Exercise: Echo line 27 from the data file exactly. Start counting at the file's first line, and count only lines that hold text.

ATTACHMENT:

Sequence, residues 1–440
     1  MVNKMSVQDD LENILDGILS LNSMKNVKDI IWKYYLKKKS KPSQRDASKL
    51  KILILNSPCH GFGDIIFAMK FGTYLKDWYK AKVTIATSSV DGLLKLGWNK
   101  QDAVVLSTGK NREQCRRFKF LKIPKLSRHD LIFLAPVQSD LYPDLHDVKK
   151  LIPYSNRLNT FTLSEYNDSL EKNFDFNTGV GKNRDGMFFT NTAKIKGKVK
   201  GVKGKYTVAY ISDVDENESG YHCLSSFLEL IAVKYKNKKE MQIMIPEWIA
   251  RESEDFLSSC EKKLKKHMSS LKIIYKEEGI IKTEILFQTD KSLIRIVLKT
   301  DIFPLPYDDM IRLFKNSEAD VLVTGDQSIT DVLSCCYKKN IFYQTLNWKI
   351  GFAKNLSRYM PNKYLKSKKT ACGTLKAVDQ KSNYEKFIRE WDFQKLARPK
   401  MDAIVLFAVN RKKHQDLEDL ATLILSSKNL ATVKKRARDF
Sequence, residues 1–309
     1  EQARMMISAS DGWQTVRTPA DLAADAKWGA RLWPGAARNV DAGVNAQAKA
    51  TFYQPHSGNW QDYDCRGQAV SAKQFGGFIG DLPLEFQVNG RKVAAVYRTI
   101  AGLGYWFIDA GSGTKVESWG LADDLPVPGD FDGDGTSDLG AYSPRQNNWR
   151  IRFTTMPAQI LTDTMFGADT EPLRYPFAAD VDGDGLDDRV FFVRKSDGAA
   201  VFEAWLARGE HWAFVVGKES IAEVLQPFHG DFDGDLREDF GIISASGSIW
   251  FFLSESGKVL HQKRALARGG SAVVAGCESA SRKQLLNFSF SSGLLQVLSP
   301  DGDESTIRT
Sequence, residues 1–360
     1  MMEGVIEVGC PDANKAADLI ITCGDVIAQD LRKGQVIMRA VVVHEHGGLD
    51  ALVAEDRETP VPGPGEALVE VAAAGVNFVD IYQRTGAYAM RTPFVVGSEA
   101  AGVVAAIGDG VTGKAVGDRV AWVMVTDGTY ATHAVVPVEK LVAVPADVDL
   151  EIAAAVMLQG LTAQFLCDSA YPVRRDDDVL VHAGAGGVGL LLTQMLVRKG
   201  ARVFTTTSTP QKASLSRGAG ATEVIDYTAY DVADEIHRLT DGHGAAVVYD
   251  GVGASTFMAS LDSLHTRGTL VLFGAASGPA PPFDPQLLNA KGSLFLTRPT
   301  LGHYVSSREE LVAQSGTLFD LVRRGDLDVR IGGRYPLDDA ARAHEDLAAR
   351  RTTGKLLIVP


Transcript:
   351  RTTGKLLIVP